Smoking Modifies the Genetic Risk for Early-Onset Periodontitis.

Research paper by S S Freitag-Wolf, M M Munz, R R Wiehe, O O Junge, C C Graetz, Y Y Jockel-Schneider, I I Staufenbiel, C C Bruckmann, W W Lieb, A A Franke, B G BG Loos, S S Jepsen, H H Dommisch, A S AS Schaefer

Indexed on: 22 Sep '19Published on: 21 Sep '19Published in: Journal of dental research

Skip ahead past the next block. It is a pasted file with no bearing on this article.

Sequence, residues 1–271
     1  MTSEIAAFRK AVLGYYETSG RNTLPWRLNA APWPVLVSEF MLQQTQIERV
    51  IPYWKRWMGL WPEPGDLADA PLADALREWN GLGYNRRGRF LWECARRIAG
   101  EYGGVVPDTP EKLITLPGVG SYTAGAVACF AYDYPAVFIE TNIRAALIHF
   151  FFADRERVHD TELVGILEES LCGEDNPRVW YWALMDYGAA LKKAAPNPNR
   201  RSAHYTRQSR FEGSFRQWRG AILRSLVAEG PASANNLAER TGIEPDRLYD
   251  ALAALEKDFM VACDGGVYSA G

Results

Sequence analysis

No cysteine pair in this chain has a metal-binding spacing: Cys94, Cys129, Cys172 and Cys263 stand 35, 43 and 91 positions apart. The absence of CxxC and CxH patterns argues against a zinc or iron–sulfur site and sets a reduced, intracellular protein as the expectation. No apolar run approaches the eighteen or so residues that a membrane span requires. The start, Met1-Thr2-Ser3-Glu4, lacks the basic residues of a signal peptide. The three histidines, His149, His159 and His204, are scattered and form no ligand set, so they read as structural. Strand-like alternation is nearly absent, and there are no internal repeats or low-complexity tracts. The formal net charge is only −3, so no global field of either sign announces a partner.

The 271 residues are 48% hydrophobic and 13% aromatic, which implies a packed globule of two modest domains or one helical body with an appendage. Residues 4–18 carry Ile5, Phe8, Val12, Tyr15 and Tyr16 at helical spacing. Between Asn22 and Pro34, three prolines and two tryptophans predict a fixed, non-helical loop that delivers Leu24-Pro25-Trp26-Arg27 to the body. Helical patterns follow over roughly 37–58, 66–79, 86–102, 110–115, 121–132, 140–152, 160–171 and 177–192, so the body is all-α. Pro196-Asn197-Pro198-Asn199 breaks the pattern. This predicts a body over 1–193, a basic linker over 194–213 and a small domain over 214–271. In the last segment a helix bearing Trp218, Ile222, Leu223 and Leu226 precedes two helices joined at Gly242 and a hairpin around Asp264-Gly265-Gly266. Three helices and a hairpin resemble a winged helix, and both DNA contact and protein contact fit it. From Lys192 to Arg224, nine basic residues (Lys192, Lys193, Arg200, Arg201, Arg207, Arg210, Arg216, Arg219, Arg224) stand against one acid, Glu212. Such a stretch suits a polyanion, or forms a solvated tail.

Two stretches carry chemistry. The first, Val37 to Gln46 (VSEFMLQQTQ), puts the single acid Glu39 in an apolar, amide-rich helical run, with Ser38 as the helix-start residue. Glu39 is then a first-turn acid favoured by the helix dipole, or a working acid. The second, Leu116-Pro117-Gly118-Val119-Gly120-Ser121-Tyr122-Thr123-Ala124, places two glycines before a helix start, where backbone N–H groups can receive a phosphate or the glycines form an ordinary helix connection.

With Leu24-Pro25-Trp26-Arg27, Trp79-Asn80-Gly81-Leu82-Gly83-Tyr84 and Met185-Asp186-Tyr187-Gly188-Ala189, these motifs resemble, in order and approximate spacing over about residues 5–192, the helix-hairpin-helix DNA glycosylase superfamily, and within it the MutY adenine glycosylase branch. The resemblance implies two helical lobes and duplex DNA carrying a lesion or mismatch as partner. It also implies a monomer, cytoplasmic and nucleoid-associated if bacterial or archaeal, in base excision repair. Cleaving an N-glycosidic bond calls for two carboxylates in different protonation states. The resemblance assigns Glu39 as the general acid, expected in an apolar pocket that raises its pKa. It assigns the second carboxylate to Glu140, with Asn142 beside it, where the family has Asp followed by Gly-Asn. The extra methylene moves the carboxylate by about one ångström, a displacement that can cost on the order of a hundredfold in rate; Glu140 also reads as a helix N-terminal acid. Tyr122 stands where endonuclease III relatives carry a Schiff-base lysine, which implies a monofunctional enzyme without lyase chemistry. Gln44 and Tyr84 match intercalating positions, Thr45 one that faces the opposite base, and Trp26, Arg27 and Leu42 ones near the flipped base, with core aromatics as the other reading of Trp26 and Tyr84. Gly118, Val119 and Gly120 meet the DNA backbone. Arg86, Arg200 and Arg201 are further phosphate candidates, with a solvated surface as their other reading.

Periodontitis has low-prevalence, highly severe disease manifestations with an early onset and rapid progression. The diagnosis is based on severe destruction of the alveolar bone in adolescents and young adults. Genetic susceptibility variants and smoking are well-established risk factors, but their interactions in modifying disease susceptibility have not been studied. We aimed to identify genetic risk variants of early-onset periodontitis that unmask their effects on tobacco smoke exposure. To this end, we analyzed 79,780,573 common variants in 741 northwest Europeans diagnosed to have >30% bone loss at >2 teeth before 35 y of age, using imputed genotypes of the OmniExpress BeadChip. Never versus ever smokers were compared in a logistic regression analysis via a case-only approach. To explore the effect of tobacco smoke on the expression of the G×S-associated genes, cultures of primary gingival fibroblasts ( = 9) were exposed to cigarette smoke extract, and transcripts were quantified by reverse transcription polymerase chain reaction. We identified 16 loci for which our analysis suggested an association with G×S increased disease risk ( < 5 × 10). Nine loci had previously been reported to be associated with spirometric measures of pulmonary function by an earlier G×S genome-wide association study. Genome-wide significant cis expression quantitative trait loci were reported for G×S-associated single-nucleotide polymorphisms at and , indicating a causal role of these genes in tobacco-related etiopathology. Notably, is a negative regulator of bone growth, and has a role in tissue remodeling. Cigarette smoke extract significantly altered the expression of 2 associated genes: ( = 5 × 10), which is required for NF-κB activation and innate immune responses to bacterial invasion, and ( = 0.0048). We conclude that the genetic predisposition to early-onset periodontitis is in part triggered by smoking and that tobacco smoke directly affects the expression of genes involved in bone homeostasis, tissue repair, and immune response.

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